The U.S. Court of Appeals for the Sixth Circuit recently held that a consumer plaintiff’s breach of contract claim against a defendant bank failed where the bank processed the consumer’s transactions in accordance with the terms of the agreement with the consumer, even though the transactions were not processed in the order they were made by the consumer, which resulted in a greater number of non-sufficient funds (“NSF”) charges.
The Court further held that the bank did not violate the agreement’s limit of five NSF charges per day where it initially charged eight NSF fees to the account before manually removing three charges the next business day.
A copy of the opinion in Lossia v. Flagstar Bankcorp, Inc. is available at: Link to Opinion.
The consumer plaintiff opened a joint checking account with the defendant bank, which was subject to the bank’s “Terms and Conditions” disclosure guide (“agreement”). The agreement discussed the method by which the bank would process transactions, including Automated Clearing House (“ACH”) transactions.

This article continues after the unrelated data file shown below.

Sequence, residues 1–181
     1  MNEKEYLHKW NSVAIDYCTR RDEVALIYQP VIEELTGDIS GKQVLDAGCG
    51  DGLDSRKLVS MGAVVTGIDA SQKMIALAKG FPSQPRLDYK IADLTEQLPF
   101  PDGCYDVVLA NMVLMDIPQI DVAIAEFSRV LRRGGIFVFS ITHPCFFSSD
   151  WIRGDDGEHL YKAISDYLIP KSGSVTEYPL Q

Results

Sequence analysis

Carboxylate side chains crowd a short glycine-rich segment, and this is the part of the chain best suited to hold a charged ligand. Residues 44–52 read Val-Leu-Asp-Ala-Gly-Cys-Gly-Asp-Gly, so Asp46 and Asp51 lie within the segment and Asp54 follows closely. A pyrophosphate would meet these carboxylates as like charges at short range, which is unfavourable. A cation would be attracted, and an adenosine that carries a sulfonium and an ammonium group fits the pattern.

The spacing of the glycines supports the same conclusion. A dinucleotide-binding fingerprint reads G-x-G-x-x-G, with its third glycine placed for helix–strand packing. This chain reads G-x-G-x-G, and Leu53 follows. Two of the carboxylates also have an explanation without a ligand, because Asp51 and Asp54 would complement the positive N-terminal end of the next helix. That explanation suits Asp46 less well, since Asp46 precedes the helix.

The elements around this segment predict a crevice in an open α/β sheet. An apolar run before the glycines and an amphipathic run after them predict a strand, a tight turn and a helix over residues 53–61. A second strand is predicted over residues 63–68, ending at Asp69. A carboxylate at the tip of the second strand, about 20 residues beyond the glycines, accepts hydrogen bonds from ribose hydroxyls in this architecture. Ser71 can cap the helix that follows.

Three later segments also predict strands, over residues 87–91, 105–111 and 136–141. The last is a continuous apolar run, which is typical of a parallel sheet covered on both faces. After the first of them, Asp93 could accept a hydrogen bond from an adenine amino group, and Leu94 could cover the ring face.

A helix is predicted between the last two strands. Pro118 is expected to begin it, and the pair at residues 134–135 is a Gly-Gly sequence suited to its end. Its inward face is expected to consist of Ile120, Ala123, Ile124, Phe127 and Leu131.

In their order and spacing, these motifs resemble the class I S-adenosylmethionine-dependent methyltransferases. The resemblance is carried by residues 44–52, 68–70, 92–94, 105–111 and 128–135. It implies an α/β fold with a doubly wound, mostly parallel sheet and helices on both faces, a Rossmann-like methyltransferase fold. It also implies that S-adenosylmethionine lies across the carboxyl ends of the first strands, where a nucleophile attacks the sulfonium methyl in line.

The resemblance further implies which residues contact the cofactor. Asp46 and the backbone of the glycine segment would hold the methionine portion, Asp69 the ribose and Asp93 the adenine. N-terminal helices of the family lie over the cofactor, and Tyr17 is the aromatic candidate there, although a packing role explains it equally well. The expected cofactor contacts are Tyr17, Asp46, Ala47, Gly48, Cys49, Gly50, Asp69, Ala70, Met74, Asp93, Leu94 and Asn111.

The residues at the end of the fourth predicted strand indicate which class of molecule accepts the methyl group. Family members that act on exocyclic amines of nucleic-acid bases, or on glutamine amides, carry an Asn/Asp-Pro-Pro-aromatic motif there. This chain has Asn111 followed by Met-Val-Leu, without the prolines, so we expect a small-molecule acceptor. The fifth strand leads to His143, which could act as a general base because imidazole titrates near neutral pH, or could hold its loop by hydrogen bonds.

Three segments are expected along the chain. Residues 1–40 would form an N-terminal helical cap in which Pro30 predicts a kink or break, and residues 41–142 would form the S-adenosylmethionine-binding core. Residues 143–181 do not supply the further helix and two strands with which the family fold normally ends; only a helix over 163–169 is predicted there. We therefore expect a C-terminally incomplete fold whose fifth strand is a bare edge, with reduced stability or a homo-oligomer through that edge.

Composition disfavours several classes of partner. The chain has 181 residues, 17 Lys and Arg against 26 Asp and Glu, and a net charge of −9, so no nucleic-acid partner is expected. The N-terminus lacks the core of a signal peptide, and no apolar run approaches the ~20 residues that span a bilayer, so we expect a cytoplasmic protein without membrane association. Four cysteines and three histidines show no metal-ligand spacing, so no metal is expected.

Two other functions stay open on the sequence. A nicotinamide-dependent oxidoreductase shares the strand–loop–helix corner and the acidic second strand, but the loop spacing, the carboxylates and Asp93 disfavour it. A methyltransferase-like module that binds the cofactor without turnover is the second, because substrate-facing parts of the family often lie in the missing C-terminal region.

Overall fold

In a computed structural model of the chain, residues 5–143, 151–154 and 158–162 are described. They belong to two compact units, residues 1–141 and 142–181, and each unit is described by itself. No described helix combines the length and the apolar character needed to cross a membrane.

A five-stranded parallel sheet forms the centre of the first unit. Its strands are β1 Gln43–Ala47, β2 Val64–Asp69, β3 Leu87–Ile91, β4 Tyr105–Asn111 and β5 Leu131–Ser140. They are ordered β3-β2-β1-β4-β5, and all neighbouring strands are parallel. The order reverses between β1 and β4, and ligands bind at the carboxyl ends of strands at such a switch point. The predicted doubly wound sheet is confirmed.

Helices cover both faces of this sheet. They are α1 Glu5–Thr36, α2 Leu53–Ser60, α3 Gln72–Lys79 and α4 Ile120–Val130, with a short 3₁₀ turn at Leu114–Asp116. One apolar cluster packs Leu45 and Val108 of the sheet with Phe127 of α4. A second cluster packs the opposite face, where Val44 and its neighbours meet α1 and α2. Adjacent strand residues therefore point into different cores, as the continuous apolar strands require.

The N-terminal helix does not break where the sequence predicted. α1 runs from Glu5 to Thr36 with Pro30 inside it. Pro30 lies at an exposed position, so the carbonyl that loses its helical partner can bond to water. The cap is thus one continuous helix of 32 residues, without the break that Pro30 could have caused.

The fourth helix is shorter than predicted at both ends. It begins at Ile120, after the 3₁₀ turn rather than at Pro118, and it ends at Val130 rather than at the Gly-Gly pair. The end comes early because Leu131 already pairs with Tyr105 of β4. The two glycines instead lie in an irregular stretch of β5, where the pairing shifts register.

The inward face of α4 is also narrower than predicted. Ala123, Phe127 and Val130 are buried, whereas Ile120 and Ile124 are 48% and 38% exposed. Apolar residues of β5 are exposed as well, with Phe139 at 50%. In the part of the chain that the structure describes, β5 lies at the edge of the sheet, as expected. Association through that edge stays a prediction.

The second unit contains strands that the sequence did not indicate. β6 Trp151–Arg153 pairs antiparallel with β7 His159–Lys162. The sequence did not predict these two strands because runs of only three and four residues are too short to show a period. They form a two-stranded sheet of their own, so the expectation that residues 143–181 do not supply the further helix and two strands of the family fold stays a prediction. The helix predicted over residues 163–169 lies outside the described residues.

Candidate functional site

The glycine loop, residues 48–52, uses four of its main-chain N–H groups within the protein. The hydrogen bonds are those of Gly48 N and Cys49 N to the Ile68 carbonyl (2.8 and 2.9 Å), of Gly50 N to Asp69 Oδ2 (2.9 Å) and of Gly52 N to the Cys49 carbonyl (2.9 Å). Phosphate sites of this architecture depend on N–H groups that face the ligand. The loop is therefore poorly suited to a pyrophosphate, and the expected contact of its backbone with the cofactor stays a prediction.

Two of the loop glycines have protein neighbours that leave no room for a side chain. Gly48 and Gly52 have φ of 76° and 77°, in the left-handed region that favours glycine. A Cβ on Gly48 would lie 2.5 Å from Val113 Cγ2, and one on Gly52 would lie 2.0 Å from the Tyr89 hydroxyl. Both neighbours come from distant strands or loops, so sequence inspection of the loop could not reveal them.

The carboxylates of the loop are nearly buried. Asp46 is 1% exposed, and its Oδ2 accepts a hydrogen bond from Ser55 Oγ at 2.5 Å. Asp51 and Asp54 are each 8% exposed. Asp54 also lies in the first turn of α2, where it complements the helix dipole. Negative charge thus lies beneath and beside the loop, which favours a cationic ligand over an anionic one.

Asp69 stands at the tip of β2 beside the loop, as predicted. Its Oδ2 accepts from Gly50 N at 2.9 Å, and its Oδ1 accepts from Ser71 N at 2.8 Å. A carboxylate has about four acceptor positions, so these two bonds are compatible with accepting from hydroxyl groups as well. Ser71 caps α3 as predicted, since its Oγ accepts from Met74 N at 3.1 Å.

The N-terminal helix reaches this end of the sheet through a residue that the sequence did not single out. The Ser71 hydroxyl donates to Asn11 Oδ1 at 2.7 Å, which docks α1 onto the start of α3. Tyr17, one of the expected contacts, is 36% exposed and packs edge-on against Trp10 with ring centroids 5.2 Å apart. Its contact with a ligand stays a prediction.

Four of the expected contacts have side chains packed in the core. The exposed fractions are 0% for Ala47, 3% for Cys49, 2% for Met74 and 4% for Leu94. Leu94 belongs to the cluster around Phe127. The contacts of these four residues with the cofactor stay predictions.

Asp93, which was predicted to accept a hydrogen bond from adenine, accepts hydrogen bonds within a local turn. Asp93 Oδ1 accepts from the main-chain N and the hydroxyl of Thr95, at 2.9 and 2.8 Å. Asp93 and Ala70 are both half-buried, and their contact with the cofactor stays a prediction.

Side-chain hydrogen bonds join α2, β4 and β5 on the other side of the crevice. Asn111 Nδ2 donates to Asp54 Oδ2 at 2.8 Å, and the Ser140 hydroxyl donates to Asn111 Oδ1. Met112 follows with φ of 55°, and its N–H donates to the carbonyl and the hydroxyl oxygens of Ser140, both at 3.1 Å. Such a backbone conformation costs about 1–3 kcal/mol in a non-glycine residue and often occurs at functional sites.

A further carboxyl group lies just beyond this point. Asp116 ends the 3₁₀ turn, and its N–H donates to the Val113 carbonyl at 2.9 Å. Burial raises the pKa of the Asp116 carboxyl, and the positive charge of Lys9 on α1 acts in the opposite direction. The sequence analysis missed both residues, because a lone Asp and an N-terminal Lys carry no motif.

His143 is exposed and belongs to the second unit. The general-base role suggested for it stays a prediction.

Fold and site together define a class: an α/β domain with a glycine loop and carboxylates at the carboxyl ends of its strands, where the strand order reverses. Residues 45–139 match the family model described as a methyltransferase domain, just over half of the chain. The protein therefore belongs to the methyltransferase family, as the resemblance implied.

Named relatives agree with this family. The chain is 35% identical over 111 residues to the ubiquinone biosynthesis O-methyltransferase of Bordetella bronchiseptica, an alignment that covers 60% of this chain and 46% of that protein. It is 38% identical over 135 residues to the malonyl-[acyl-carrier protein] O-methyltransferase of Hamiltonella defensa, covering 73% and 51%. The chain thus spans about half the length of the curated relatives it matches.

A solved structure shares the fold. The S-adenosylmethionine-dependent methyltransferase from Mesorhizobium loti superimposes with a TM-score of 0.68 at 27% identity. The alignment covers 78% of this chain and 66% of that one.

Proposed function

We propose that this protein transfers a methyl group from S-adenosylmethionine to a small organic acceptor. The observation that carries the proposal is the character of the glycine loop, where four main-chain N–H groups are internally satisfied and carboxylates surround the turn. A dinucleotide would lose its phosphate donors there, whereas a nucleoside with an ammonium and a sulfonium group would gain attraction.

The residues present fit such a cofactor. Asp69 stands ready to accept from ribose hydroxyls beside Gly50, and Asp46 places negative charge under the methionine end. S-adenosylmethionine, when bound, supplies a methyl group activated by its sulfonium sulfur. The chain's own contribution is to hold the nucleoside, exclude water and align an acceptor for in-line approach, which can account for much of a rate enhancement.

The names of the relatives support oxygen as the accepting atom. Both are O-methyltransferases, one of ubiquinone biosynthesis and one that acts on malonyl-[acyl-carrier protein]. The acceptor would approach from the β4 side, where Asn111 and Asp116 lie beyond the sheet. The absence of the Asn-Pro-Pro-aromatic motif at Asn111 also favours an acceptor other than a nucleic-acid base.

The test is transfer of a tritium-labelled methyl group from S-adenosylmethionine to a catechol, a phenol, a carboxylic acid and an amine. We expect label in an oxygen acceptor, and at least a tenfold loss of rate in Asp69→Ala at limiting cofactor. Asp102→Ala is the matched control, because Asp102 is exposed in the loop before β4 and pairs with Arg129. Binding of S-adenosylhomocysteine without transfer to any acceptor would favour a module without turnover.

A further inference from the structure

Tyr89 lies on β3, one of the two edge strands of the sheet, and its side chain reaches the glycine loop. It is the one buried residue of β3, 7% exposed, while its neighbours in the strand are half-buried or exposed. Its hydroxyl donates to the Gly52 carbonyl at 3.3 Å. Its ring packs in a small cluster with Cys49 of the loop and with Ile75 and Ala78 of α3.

Specifically, the agreement provided that “[o]ur policy is to process . . . ACH transactions . . . first – as they occur on their effective date for the business day on which they are processed.”
The agreement also stated that it was “subject to . . . payment processing system rules,” which included the National Automated Clearing House Association Operating Rules and Guidelines (“NACHA Guidelines”).
The NACHA Guidelines defined the effective date of an ACH transaction as “the date specified by the Originator on which it intends a batch of Entries to be settled.”
As you may recall, there are five parties to an ACH transaction: (1) the originator (the merchant with whom the plaintiff did business), (2) the originating depository financial institution (the merchant’s bank), (3) the ACH operator (the Federal Reserve), (4) the receiver (plaintiff), (5) the receiving depository financial institution (the bank).